• If your attacker is arrested for sexual assault, you have the right to register as a victim with the county attorney under Iowa Code section 9 I 5. I 2.
  • You have the right to seek restitution against your attacker for harm to you or your property.
  • You have the right to apply for victim compensation.
  • If your attacker is arrested for sexual assault, you have the right to contact the county attorney or local law enforcement to determine the status of your case.
  • If you are in need of medical treatment, you have the right to request that an officer assist you in obtaining transportation to the nearest hospital or otherwise assist you.
  • You have the right to a sexual assault examination performed at state expense.
  • You have the right to request the presence of a victim counselor, as defined in Iowa Code section 915.20A, at any proceeding related to an assault including a medical examination.
  • If you believe that police protection is needed for your physical safety, you have the right to request that an officer present remains at the scene until you and other affected parties can leave or until safety is otherwise ensured.

 

02

Facts About Sexual Assault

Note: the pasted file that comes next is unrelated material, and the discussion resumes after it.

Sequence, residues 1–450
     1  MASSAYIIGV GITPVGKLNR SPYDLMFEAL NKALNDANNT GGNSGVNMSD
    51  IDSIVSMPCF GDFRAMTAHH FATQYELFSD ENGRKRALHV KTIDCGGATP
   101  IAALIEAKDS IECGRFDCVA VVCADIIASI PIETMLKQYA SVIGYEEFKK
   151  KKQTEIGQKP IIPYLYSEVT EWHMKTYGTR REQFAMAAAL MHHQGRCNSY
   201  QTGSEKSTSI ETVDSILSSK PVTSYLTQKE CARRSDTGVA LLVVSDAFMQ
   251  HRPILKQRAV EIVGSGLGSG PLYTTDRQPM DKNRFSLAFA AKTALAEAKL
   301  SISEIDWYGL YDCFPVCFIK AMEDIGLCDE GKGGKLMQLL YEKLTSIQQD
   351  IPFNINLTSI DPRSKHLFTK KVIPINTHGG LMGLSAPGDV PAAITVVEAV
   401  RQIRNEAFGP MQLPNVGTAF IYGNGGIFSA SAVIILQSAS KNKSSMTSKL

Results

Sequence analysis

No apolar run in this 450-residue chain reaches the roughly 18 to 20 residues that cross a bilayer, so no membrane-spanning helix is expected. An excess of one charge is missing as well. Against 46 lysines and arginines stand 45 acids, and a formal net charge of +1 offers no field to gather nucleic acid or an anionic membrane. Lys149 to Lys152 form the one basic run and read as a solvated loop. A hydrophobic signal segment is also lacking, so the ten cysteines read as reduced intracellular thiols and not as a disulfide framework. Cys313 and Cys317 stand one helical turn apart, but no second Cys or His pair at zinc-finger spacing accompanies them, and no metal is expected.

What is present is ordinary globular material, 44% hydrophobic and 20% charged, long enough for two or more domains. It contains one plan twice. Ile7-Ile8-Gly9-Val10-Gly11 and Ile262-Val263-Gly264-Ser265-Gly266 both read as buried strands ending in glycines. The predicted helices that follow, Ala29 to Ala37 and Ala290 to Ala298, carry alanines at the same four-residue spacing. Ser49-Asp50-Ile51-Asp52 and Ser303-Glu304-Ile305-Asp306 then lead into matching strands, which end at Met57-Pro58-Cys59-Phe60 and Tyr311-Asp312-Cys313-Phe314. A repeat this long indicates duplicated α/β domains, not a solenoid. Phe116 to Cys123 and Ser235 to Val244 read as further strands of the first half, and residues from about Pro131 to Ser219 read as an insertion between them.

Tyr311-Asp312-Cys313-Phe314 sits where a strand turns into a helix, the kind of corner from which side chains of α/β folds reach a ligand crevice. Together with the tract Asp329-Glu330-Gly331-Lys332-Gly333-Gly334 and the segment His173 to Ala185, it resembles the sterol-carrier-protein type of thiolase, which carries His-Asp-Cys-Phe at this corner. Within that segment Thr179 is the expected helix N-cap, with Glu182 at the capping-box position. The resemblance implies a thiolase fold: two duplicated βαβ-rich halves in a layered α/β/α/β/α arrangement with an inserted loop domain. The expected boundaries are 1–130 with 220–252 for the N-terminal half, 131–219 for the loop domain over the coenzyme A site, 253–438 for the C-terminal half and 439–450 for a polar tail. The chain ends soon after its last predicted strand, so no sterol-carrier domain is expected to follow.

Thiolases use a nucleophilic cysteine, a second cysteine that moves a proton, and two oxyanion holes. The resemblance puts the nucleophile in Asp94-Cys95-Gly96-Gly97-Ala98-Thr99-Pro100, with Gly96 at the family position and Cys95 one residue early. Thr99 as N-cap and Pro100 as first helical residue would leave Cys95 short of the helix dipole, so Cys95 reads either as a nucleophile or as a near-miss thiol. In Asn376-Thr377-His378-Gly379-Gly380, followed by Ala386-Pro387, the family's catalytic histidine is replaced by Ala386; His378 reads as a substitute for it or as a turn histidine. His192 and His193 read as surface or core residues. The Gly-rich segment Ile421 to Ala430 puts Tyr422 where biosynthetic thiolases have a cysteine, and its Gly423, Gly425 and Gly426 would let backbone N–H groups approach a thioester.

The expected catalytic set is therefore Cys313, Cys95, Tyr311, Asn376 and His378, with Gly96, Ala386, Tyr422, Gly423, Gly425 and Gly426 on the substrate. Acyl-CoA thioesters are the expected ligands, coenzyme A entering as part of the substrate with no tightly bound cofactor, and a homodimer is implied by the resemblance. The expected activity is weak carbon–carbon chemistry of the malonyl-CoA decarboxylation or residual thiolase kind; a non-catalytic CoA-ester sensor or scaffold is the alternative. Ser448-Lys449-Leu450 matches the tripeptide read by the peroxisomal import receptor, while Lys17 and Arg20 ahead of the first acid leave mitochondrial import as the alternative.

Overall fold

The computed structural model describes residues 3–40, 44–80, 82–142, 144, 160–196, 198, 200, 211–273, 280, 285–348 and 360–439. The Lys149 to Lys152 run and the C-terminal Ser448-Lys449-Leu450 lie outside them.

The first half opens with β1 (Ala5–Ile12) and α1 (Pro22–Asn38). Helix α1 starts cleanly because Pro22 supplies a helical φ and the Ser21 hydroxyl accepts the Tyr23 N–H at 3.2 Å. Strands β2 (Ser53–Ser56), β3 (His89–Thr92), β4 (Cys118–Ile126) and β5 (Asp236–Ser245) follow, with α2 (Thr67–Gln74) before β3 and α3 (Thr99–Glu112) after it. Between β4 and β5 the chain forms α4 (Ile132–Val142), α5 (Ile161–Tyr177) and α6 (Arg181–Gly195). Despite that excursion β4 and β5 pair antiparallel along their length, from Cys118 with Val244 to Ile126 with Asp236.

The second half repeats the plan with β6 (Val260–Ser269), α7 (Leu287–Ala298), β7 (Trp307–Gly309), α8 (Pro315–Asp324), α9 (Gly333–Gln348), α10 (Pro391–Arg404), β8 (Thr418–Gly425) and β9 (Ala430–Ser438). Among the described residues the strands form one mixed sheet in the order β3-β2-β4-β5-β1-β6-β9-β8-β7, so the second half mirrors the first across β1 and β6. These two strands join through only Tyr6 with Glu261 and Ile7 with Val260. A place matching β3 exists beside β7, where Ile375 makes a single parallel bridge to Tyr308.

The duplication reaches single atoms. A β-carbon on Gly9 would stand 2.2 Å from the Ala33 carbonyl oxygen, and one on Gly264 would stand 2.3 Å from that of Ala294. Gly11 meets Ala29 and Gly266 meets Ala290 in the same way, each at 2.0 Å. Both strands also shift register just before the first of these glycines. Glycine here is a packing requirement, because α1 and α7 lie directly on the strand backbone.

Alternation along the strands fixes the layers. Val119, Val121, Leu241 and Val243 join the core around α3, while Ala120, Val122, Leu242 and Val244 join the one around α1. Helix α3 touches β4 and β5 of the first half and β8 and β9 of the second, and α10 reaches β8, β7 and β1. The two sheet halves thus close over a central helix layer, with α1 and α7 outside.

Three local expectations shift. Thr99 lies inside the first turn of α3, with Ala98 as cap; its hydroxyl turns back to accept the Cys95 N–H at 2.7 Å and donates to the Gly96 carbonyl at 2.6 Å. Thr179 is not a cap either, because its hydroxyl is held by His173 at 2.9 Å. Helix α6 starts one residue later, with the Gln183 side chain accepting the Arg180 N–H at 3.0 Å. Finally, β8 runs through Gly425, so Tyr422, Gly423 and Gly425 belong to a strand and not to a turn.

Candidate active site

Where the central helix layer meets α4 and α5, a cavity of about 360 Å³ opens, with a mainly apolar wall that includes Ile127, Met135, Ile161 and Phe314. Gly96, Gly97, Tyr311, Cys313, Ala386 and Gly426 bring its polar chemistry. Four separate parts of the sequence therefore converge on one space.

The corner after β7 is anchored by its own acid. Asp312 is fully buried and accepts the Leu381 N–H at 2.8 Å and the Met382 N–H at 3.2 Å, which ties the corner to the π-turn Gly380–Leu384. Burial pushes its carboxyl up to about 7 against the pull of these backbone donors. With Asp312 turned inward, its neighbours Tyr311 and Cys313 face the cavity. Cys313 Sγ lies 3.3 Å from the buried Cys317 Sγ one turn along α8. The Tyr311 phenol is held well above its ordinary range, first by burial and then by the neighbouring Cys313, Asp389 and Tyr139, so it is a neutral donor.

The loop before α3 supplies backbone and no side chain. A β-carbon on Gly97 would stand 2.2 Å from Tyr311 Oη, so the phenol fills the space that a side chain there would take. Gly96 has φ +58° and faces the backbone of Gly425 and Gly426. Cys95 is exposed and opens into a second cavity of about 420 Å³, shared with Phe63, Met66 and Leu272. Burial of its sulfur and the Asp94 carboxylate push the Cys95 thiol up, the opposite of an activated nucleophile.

Why does Rape happen? Rape is an act of violence motivated by a wish to express power, dominance, anger, and control. Rape is not about unfulfilled sexual desire.

How frequently does sexual assault occur?

• One in three women and one in six men will be a victim of some form of sexual assault in their lifetime.

• There have been reported sexual assaults on victims as young as two months and as old as 96 years.

• People of all ages, lifestyles, socioeconomic groups and ethnic groups may become victims at some time in their life.

Is it possible I know the person who assaulted me? The majority of sexual assaults are committed by someone known to the victim/survivor.

Does what I wear to make me a target for sexual assault? Remember the motive for rape is not sexual desire; therefore, the wearing of “provocative” clothing is not a factor in the assault.

Can men be affected by sexual assault? Yes, men can be victims of sexual assault and are also impacted when someone they care about becomes a victim.

The effects a sexual assault can have on a victim:

  • Survivors of sexual assault can heal, but it takes time. Talking with someone who understands the dynamics of sexual assault can help.

  • Physical: pain and injuries; headaches; anxiety attacks; lack of energy; stress-related illness; nightmares; pregnancy; and sexually transmitted diseases.

  • Emotional: anger; denial; shock; guilt; crying; depression; suicide; irritability; fear; shame; embarrassment; sexual difficulties; loss of self­esteem; and sense of control.

  • Social: withdrawal from friends and family; generalized anger toward the people/groups that remind them of the rapist; distrust of the legal or medical systems; difficulty at school or work; the healing process may not be respected or understood by society, friends, or family.